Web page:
Understanding This Book

or Zen and the Art of Metal Type Maintenance
or Let’s See Your AI Do THIS

By Augustine Maxwell Jones

28 x 23 cm, 20 pages
All sorts of antique Franklin Gothics printed in four colors with Spiffy the Vandercook on Hahnemuhle Biblio, Ingres, and Bugra (jacket) paper. Bound by hand with a simple pamphlet stitch into a Hahnemuhle Photo Rag cover, giclee printed with photographs documenting the process, tucked into a rigid Bugra jacket. Limited edition of 18 signed and numbered copies. 9 remain for sale.


The Short of It

When all my drawers of Franklin Gothic type needed to be cleaned, the mundane but necessary shop maintenance task turned into a book about the process. The result is a 20-page book featuring every last sort from nine California job cases of genuine ATF Franklin Gothic typefaces—maybe not older than the hills, but definitely older than me—in varying stages of wear, arranged according to a variety of strategies only likely to occur when composing individual metal types by hand.

The final product of this very spontaneous and time-crunched project is a bold book conveying the frantic experience of creating it, while celebrating Franklin Gothic in a typographically jazzy manner.

cleaning out a dirty type drawer
Standing up all the type from a dirty and disorderly California job case of 24 pt Franklin Gothic Condensed.

The Long of It

Self-employment as a carver of grave stones depends upon outside temps above 45°F, which is about eight months of the year here in southwest Wisconsin. This leaves the winter months available for creative projects in the Klubhaus.

This past winter (2022-23), I had planned to use some of the precious time to create a couple new broadsides. I had just finished the 8t Bags book in time for the Oxford Fine Press Book Fair in March 2022, and the thought of pumping out a few relatively quick and easy broadsides felt like a pleasant thing to do. The next Oxford Fine Press Book Fair, which is a self-imposed deadline for the completion of book projects, would be held in March of 2024 (or so it had been assumed), so there was no real urgency to get started on the next book.

After consulting the short list of potential broadside content, a Cougar Awareness broadside rose to the top of the list: protocol for action in the event of engagement with a cougar. As serious as the matter may be, I found it amusing, and after a string of broadsides with a fairly somber tone, having a little fun creating something more light hearted had tremendous appeal.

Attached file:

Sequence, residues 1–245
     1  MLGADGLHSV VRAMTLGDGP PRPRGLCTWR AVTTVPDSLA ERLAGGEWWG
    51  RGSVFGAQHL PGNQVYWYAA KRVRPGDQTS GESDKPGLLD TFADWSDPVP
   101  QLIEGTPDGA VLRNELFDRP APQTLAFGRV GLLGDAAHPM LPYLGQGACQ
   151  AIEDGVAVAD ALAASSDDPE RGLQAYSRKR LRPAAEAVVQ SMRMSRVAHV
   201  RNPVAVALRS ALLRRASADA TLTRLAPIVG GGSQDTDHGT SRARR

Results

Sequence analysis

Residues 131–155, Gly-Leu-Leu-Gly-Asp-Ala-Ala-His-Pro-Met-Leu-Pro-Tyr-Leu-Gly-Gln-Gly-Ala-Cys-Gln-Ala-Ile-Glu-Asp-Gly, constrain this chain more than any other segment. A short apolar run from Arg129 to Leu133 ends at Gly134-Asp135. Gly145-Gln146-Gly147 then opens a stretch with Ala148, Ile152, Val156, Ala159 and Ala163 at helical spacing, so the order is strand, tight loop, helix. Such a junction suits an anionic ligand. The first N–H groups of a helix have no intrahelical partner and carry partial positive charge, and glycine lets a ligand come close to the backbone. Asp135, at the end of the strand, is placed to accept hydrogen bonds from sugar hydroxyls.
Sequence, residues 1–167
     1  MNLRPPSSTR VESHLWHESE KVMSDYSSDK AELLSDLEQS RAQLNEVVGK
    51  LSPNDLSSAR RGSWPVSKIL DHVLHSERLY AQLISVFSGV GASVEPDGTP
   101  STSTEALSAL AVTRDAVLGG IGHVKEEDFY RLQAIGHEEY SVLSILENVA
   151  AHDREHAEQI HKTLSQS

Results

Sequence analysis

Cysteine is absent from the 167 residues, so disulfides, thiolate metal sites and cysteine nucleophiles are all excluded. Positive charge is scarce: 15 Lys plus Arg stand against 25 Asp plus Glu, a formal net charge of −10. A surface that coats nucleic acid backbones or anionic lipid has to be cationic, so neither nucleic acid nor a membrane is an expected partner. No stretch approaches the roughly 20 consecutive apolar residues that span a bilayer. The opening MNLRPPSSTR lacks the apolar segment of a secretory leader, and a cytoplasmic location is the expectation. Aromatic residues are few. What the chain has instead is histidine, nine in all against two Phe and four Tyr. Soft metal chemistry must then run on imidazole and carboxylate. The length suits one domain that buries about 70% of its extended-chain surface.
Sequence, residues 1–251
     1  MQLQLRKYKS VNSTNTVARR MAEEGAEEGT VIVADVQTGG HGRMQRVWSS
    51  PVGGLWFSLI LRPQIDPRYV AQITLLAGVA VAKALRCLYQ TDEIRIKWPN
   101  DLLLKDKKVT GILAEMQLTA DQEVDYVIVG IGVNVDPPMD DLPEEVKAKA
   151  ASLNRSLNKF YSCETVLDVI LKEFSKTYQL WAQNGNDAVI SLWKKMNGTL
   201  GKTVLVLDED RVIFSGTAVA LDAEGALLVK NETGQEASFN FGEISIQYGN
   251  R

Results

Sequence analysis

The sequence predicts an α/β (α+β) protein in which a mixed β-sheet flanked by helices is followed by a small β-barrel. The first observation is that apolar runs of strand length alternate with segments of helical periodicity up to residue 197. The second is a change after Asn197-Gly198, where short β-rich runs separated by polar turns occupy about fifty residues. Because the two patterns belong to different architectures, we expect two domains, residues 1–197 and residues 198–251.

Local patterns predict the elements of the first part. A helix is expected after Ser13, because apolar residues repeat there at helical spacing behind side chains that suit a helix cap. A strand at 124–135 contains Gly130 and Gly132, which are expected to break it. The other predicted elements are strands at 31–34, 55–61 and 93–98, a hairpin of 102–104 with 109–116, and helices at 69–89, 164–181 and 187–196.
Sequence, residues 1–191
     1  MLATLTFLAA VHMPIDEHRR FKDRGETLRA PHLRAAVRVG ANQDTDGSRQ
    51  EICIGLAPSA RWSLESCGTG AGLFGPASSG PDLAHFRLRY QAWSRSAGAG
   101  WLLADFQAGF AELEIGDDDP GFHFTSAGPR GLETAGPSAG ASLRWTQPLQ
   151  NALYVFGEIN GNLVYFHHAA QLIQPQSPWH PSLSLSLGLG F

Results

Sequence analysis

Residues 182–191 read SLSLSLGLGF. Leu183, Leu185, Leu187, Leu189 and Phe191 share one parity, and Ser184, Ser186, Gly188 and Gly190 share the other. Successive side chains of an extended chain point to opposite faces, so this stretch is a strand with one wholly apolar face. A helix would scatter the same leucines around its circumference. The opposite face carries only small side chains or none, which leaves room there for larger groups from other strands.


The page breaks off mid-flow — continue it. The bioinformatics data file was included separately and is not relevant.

All previous broadsides had been set in the Roman typefaces from my limited inventory, and this change in tone called for something less formal. There are not many typefaces to choose from in the Klubhaus, and when I looked over the bank of type the Franklin Gothics stood out against all the others. These nine California job cases of 10, 14, 18, 24, and 36 pt Condensed and Italic fonts had been with me for nearly thirty years, and have never been properly featured in any book or broadside. They were acquired with the purchase of a letterpress shop from a retired commercial printer a few years after graduation from college, and have always been deemed too dirty and disorderly to use. Maybe even too worn to print well enough to produce anything of value. Still, they are as classic as they come when we think about American gothic typefaces, and in my humble estimation one of Morris Fuller Benton’s most important contributions to typography. For those reasons, they were never dumped to make room for fresh type (which can be expensive and inferior to good, hard foundry type), but rather saved to be cleaned up some time down the road. This felt like a good opportunity to put them to use, and clean them up a little bit in the process.

grimey fingers of the filthy type

Setting no more than five lines of the 10 pt revealed how impossibly dirty they were; intolerably dirty. My fingertips had become coated in a measurable thickness of grime, and the more I had to dig into each little compartment, the more disgustingly apparent it became that there were only two options: pick a different typeface for this project and start over, or put the Cougars broadside on hold for a bit, and get down to the business of thoroughly cleaning all the type, and enjoy much more pleasant, annoyance-free typesetting of the Cougars broadside, and every other job that calls for the 10 pt Franklin Gothic Condensed in the future.

Mundane tedium is my thing. There is great satisfaction in completing a task which feels massively daunting at the onset, when the only real challenge is committing to take the time to follow it through to the end. I have been patiently working towards creating the tidy letterpress studio of my dreams since the day I bought this type in 1995, and meeting this challenge would be a major step in that direction. The desire to see this job through overtook me.

The procedure for cleaning the type may have been crude, but it got the job done: begin in the upper right hand corner of the case, and methodically stand up every sort, one compartment at a time, in 20 pica lines with 2 pt leading. Once they were all standing up, tied blocks of type were submerged in a solvent overnight, removed to drain on shop rags in the bed of the press, and had their faces scrubbed. They were then untied and lined up against the side of the bed to have their bodies wiped clean, front and back, one line at a time, and returned to the galley for proofing later. After proofing, they would be redistributed neatly into their case, vacuumed and lined with black mat board.

All of my 10 pt Franklin Gothic Condensed, post bathing.

After the lengthy ordeal of cleaning up the 10 pt Franklin Gothic Condensed, it was only natural to have thoughts about how long it would take to clean up the remaining eight drawers, which would result in having ALL of my type clean and orderly, for the first time since The Heavy Duty Press was established in 1995. And yes, those thoughts ultimately led to the decision to proceed, because the ball was already rolling, so to speak. It was finally time to tackle the task.